technology | Feb 15, 2024 |
Will Apple’s new VR headset matter for designers?

The numbers, unsurprisingly, are impressive. Apple’s latest piece of technological wizardry, the Apple Vision Pro, is an AR/VR headset—the company prefers the term spatial computer—that packs a gobsmacking 23-million-pixel display into what looks like a pair of sci-fi ski goggles. (By contrast, many modern TVs only have 8 million pixels, spread out over a much larger surface area.) Put it on and you can see ultrarealistic 4K displays that appear to stretch 100 feet into the air. The retail price, $3,499 for a base model, is double the cost of a MacBook Pro.

All of that is worthy of applause, or at least a raise of the eyebrows. But will the Vision Pro end up mattering for the design industry?

I went to try out the device in Brooklyn the week after its splashy debut. Apple, which has reportedly spent billions to develop the Vision Pro, is keen to put marketing muscle behind its latest creation. As a result, a large section of the store had been carved out for sleek leather banquettes custom-built to try the device. Employees repeatedly asked me: “Are you excited?”

I don’t love heavy sales pitches, but after taking it for a spin—yes, absolutely, I found the Apple Vision Pro exciting. The ability to control a computer simply by moving your eyeballs and tapping your fingers in the air ends up being as intuitive as it is impressive. And the level of immersion the headset offers is wild. In one of the demo clips, which takes viewers inside a studio where Alicia Keys is recording a song, I felt so much a part of the “scene” that I reflexively leaned back so as not to invade her personal space.

It’s not at all difficult to imagine how the Vision Pro could become part of a designer’s toolkit. Imagine a version of SketchUp that allows you to rearrange furniture at life-size scale. Imagine, instead of sending a client a rendering to idly scroll through on a 3-inch screen, giving them something they could effectively be inside of.

If you look at the freshman class of companies debuting applications for the Vision Pro, many are clearly thinking the same thing. Probably the most high-profile is real estate platform Zillow, which has unveiled an app allowing users to take immersive home tours using the headset. Wayfair has also rolled out a Vision Pro app for its Decorify interior design tool—users can toggle to an AI redesign of their space while shopping for specific pieces. Other design-adjacent apps include ones made by Lowe’s and Planner 5D. More will surely follow.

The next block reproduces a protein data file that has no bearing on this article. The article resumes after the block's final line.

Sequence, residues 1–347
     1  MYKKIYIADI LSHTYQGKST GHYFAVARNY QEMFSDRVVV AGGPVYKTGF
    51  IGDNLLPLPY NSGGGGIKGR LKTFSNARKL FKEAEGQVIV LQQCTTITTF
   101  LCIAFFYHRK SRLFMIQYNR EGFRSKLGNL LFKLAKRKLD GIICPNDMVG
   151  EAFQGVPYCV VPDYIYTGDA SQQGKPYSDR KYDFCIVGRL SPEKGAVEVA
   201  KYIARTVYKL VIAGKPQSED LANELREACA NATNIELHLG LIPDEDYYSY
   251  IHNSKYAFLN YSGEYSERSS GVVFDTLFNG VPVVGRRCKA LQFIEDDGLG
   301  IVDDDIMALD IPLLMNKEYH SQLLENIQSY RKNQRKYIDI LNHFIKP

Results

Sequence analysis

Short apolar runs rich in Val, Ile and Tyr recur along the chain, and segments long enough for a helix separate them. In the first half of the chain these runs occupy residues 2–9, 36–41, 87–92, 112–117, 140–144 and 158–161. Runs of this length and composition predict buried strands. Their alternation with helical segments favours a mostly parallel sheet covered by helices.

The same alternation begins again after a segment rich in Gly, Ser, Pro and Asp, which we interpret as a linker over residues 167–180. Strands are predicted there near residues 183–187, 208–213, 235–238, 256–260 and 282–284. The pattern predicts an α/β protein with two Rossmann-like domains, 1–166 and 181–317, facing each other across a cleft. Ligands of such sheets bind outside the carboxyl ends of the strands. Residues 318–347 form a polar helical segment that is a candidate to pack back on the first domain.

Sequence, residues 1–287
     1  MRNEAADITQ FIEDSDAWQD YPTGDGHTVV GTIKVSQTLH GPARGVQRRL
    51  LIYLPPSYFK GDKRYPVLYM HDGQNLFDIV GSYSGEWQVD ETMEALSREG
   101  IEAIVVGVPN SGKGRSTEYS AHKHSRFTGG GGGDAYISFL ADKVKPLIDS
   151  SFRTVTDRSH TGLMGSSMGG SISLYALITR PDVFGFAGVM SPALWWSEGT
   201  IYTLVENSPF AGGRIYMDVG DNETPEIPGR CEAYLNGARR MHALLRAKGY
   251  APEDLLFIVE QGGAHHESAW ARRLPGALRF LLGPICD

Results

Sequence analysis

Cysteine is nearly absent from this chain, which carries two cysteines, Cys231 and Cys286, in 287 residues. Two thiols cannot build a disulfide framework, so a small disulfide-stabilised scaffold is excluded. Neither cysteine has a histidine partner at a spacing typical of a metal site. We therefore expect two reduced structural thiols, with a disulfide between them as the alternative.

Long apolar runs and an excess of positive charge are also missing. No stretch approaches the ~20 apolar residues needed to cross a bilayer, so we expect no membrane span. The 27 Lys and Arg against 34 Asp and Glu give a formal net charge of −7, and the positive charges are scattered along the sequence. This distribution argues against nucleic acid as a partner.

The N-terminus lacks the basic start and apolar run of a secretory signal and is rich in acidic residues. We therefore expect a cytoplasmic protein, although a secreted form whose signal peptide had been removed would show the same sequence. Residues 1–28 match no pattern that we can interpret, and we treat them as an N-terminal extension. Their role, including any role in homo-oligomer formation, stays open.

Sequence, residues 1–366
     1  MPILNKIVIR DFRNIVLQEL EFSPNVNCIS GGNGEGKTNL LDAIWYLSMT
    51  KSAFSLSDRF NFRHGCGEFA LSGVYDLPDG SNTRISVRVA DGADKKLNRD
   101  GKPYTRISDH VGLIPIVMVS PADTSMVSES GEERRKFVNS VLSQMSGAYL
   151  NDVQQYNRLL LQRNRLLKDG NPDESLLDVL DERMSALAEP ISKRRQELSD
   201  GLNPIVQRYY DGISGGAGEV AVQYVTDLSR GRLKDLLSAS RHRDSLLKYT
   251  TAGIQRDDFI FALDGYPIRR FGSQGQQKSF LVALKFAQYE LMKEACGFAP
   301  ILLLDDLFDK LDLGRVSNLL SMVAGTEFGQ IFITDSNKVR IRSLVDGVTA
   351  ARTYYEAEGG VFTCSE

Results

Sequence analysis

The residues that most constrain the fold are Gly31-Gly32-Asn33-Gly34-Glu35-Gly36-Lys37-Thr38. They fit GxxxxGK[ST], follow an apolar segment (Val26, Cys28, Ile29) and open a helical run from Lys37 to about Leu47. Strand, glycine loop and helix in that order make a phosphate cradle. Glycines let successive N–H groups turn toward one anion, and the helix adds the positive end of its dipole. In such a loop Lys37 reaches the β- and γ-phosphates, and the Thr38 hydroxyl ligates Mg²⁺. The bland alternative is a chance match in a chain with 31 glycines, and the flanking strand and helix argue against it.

Interestingly, tech pundits have been lukewarm on the Vision Pro. Most agree the technology itself is impressive but point to several key flaws. A big one is the price (the device is seven times more expensive than Meta’s Quest 3 headset). Another is more fundamental: What exactly is this thing for?

Will Apple’s new VR headset matter for designers?
The Apple Vision ProCourtesy of Apple

Both are fair points. The device is far too expensive for the average American to buy on a whim, and several reviewers have pointed out that the likeliest purchasers are professionals who would use it for work and the affluent who would buy it for fun. That’s a reasonable critique, but don’t those two demographics perfectly describe designers and their clients?

The existential issue—how widely useful it is—is the big question, and a difficult one to answer. No matter how well-designed it is, the Vision Pro is a headset, and like all headsets, it gets irksome to wear for extended periods. And though you can use it to do a lot—watch movies, write emails, Zoom with friends—it’s not yet clear to me that any of these applications are so much better done within a mixed-reality world than on an external smartphone or laptop.

I suspect that despite the considerable promise for designers, if the Vision Pro fails to catch on in a broader market, it will ultimately fizzle out in the industry as well.

That’s because in many ways, the real promise of the device is not so much the technical wizardry, but the potential that it could become an everyday piece of Apple’s seamless ecosystem. After all, there are other VR headsets on the market right now, many of them pretty good. But most designers don’t routinely use them, at least partially because there’s a lot of friction in making them part of a design process. If the client has one of these headsets at their home, great. But you have to figure out a way to continually send them workable files in the right format, communicating between your software and their device. If the designer has a headset, great. But then you have to drag the client into the office every time you make a change you want them to see.

Compare that with the ease of: “We were thinking of green for the dining room instead of blue. I’ll take a pic with my iPhone and send it over. You check it out on your Vision.” Part of the reason why people use FaceTime is not because it’s such a brilliant video-calling app. It’s because a lot of people have iPhones, and all iPhones have FaceTime.

Likewise, if a lot of people get Apple Vision Pros, designers should expect to play in that sandbox. Are you excited?

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